Why You Should Embrace Exercise After Leaving Treatment

Why You Should Embrace Exercise After Leaving Treatment

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It is sort of a tough sell to convince people to embrace exercise as part of their new life in addiction recovery.

It does not really seem like it is relevant, I have to admit.

When I first got clean and sober, the idea of recovery had nothing to do with exercise. The two concepts just had nothing to do with each other, from what I could tell.

But I learned something over the first few years of my recovery journey, and that was this:

Exercise can, and should be a HUGE part of a strong recovery program. (Check with your doctor first, of course!)

Here’s why it can help so much more than most people think.

Producing and replacing those feel good chemicals

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Perhaps the biggest reason that you should exercise in early recovery is because your brain will benefit physically from it.

Regardless of what your drug of choice was–alcohol, opiates, cocaine, marijuana, etc.–your body and your brain are going to be feeling a bit out of whack when you get into recovery. Acute detox can be over within mere days, but the experts tell us that the long term physical withdrawal for some people can drag on for up to 5 years! And some long term opiate addicts who have abused their drug of choice for longer periods of time have actually changed their body chemistry on a permanent basis, and their long term withdrawal symptoms become essentially permanent in a way.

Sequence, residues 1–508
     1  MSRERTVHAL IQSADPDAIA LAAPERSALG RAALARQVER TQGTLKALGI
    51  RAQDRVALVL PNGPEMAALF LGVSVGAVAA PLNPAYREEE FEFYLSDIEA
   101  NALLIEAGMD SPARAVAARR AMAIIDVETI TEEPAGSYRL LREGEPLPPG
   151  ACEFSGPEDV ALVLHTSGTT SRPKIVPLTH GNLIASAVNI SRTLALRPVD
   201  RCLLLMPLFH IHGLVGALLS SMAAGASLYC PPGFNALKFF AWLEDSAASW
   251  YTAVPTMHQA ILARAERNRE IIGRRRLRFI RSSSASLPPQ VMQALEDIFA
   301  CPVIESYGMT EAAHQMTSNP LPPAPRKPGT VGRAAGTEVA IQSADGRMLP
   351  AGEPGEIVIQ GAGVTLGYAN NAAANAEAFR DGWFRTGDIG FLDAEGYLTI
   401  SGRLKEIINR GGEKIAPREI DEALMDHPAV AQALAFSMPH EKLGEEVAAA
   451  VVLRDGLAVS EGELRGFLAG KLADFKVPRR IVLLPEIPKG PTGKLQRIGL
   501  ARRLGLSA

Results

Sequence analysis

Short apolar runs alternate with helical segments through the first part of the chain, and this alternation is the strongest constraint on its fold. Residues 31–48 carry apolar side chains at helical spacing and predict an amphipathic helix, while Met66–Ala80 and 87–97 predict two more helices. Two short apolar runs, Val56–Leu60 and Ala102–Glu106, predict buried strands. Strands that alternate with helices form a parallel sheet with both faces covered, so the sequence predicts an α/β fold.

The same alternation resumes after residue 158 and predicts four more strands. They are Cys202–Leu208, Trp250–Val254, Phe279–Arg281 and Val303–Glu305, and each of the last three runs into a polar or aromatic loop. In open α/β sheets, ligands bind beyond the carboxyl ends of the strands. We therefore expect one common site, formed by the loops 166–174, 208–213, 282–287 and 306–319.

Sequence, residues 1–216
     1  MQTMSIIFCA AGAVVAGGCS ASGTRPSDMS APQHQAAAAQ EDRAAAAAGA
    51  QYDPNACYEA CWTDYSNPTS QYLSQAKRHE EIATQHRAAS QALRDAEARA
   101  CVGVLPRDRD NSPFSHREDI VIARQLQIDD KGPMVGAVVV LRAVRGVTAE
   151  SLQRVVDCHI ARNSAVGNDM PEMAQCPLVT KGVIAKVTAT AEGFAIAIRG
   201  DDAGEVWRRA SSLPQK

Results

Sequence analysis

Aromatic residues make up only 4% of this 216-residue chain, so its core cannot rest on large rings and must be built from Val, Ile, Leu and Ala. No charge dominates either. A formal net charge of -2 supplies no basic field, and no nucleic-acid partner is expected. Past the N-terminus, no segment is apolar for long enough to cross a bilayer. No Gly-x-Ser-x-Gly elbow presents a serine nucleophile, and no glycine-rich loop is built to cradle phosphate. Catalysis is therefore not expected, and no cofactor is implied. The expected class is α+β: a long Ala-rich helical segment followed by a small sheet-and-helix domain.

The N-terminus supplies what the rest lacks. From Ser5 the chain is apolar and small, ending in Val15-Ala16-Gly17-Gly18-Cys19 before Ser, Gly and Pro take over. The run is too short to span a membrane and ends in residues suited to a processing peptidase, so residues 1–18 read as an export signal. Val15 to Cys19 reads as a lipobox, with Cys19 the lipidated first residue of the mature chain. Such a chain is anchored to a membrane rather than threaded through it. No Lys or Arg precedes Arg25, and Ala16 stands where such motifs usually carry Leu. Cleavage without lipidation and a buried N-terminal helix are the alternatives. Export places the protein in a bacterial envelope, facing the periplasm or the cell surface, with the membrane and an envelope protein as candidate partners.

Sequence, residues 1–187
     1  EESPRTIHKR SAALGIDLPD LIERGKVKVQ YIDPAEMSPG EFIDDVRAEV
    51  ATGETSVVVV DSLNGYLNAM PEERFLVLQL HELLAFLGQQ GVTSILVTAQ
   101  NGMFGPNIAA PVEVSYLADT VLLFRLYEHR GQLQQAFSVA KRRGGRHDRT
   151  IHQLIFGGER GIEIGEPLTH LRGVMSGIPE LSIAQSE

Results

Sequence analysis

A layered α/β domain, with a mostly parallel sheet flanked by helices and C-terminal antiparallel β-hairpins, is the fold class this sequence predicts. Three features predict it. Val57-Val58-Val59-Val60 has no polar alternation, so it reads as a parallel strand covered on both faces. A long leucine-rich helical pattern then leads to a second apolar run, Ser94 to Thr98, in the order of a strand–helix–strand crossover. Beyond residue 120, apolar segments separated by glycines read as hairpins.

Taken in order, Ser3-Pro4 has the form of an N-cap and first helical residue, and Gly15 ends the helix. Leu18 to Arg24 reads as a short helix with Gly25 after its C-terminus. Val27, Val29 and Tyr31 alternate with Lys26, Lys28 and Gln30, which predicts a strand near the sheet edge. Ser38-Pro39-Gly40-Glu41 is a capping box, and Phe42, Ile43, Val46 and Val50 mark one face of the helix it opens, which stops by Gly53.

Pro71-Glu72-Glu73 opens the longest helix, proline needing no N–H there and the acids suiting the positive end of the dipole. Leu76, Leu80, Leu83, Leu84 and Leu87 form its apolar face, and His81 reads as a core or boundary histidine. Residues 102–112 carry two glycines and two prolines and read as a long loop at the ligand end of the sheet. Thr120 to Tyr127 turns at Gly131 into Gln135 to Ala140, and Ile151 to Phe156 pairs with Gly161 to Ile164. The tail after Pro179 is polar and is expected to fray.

So even though acute detox is a relatively quick process, the more subtle and lasting effects of shifting over to a clean and sober life can play havoc on your body and your brain for years to come. Just ask any smoker of cigarettes if they still have cravings after quitting 30 days ago. The nicotine was fully gone within 72 hours, but their body, their mind, their behaviors will stay screwed up and continue to mess with them for several weeks or even months. Full healing takes time.

So this is the main reason that you should consider exercising as part of your recovery plan. When you engage in vigorous exercise, your body starts naturally pumping those “feel good chemicals” to your brain. This endorphin rush is natural and is part of your bodies response system. Therefore it is easily gamed and you can take advantage of these “feel good chemicals” while also getting into better shape and enjoying greater health benefits.

There was a study done once with smokers in which there were 3 groups of quitters:

One group just tried to quit with no help. One group exercised vigorously every day to help them quit. And one group exercised AND took medication that was supposed to help them to quit smoking.

You would think that the third group did the best. Surprisingly, it was the group that ONLY engaged in exercise that fared the best in this study. Health professionals were amazed at the strong link between exercise and overcoming an addiction.